Yep, as of today, they’re done! (pretty much.)
And some fun things had to happen for this. After I got to a certain point in the room, I didn’t have enough boards that were the same width to run the length of the room, so I was coming up really, really short. Off to the salvage yard again! And this made the question of the closet pretty easy. I spent an extra hundred and had enough to run them through.
But now we’re not in a square room anymore; there are walls in the way. So I had to dado boards with the radial arm saw. I angled the boards against the saw fence so the blade could make kinda square cuts part way through the floorboards.
Then I broke off the little slivers of wood with a scraper and cleaned the cut up by sliding the board back and forth against the saw blade. Yes, that actually works! And here’s how it looks in the end.
And I’ll give you a gratuitous action shot. Just because I never have photos taken while I’m actually working. Note: I’m measuring. There are safety glasses on my forehead and I moved them down before I made the cut.
There’s one spot I had to rig. There was a wide floorboard that I ran into the closet even though I was about 2 feet short, so inside the closet I had to extend it with 2 skinnier boards, one that I had to rip down to fit. But who cares? It’s in the closet.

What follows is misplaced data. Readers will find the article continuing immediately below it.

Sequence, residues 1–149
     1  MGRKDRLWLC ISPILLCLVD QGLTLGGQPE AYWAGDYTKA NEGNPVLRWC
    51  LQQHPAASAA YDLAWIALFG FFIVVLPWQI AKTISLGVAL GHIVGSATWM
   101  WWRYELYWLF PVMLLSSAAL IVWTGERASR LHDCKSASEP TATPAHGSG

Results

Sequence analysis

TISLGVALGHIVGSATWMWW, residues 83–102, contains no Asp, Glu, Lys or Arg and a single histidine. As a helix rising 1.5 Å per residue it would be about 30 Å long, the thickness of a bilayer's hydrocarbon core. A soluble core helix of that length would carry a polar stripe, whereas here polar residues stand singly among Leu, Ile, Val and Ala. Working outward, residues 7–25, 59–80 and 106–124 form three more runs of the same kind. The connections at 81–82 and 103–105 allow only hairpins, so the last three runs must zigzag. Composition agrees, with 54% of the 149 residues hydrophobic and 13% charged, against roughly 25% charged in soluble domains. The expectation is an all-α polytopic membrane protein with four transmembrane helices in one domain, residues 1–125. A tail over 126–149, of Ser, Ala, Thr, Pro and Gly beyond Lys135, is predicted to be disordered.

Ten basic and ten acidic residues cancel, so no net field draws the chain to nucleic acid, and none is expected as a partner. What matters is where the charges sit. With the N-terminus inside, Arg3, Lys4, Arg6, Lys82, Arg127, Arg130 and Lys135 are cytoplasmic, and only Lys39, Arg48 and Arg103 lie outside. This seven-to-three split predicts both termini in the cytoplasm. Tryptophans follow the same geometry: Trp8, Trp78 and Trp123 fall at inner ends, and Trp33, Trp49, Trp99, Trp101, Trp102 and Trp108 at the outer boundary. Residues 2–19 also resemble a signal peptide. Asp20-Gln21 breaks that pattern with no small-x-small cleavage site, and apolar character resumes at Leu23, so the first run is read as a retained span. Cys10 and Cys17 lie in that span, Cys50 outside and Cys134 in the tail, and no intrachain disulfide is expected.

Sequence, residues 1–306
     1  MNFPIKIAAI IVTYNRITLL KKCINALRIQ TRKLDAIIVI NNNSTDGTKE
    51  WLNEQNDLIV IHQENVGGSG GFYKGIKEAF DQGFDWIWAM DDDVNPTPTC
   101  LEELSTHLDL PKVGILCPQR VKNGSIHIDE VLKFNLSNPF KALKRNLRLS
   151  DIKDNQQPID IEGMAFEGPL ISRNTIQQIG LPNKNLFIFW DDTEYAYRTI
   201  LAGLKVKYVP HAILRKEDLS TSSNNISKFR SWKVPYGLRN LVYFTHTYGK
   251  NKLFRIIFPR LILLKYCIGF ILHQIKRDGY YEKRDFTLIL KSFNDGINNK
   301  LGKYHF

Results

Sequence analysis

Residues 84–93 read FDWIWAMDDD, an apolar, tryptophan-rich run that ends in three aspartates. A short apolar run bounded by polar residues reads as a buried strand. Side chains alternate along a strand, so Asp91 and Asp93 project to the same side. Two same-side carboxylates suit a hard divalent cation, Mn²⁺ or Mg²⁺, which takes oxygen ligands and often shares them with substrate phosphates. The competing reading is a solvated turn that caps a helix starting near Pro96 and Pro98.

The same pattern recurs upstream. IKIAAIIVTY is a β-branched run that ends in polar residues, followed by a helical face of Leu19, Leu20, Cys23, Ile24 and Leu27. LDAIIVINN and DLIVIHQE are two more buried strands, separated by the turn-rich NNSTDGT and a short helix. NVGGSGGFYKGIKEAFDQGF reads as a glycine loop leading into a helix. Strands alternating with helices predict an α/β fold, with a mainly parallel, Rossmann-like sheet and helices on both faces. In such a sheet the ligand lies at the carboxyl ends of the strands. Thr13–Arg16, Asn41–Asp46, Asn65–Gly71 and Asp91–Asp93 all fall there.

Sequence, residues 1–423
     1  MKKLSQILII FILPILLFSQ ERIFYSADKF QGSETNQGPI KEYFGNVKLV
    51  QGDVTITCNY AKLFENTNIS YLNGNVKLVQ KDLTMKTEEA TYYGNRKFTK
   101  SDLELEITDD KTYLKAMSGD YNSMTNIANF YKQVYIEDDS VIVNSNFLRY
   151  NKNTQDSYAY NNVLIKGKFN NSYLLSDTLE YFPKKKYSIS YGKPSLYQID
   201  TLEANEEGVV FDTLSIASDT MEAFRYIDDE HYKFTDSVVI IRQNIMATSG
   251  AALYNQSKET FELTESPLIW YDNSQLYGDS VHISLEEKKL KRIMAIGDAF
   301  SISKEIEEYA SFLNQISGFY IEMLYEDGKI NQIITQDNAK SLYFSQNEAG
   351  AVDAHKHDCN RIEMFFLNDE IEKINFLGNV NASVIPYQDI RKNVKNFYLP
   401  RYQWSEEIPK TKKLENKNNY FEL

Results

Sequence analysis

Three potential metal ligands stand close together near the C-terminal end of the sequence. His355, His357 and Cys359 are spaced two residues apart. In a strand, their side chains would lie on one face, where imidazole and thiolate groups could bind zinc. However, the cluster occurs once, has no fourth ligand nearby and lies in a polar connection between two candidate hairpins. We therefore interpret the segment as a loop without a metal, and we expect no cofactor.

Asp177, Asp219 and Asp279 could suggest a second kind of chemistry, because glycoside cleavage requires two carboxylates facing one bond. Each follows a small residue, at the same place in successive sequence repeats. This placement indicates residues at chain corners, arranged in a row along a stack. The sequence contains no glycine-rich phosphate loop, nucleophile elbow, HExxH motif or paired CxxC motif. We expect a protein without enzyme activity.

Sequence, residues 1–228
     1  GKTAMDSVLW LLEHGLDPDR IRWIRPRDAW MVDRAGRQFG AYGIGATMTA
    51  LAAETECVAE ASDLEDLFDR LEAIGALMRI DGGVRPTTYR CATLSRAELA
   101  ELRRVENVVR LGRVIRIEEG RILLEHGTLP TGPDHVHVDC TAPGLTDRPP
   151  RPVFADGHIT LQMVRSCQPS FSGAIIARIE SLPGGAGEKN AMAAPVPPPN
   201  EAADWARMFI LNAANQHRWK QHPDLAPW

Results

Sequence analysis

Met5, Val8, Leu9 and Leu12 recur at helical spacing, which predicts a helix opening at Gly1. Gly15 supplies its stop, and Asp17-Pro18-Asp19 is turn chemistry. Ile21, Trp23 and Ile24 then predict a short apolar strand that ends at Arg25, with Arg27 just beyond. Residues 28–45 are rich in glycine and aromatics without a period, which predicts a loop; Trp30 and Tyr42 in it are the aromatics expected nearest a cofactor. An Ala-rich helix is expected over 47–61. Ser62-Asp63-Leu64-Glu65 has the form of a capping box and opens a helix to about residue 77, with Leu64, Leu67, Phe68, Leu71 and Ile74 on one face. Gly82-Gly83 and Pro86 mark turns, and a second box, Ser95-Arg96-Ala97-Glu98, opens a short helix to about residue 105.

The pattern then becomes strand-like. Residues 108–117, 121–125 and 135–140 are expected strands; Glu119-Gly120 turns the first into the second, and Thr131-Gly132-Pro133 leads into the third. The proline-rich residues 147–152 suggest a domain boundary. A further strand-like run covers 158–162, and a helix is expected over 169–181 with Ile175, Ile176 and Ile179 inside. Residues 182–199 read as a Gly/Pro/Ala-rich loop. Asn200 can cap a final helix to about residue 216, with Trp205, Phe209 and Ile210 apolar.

And… let’s see the finished product! OK, to be fair, it’s unfinished. Floor finishing is happening near the end.
And now, after a 9 month break, I’ve gone back to insulating the front bedroom’s outside wall!
You can see lots of globs of insulation coming out. Where pieces of the original plaster fell out and there were gaps behind the insulation, I would stick the wand on the Great Stuff can through and inject it with foam. I think at this point it’s pretty well sealed. And like I said back when I was doing this before, it’s important to block paths for air to move around between the brick and the insulation, because when it’s cold, any moisture that hits the cold brick will get it wet and damage it. That’s why I have rigid foam instead of fiberglass batts on this wall.
Back when I was doing this at the beginning of the year I got really, really frustrated with how hard it was to get the foam board to stay on the wall. Screws are useless with my soft brick. Still, I think this is the best way to do it, so it’s worth the trouble. This time, I bought adhesive made specifically for drywall and paneling, so it grabs faster. And as you can see in this photo, I have boards pressed against the troublesome pieces. I’ve been driving screws right into my newly patched flooring and the trim around the windows (which is eventually coming out). I think it’s held.
Change is coming in the Crooked House! Stay tuned!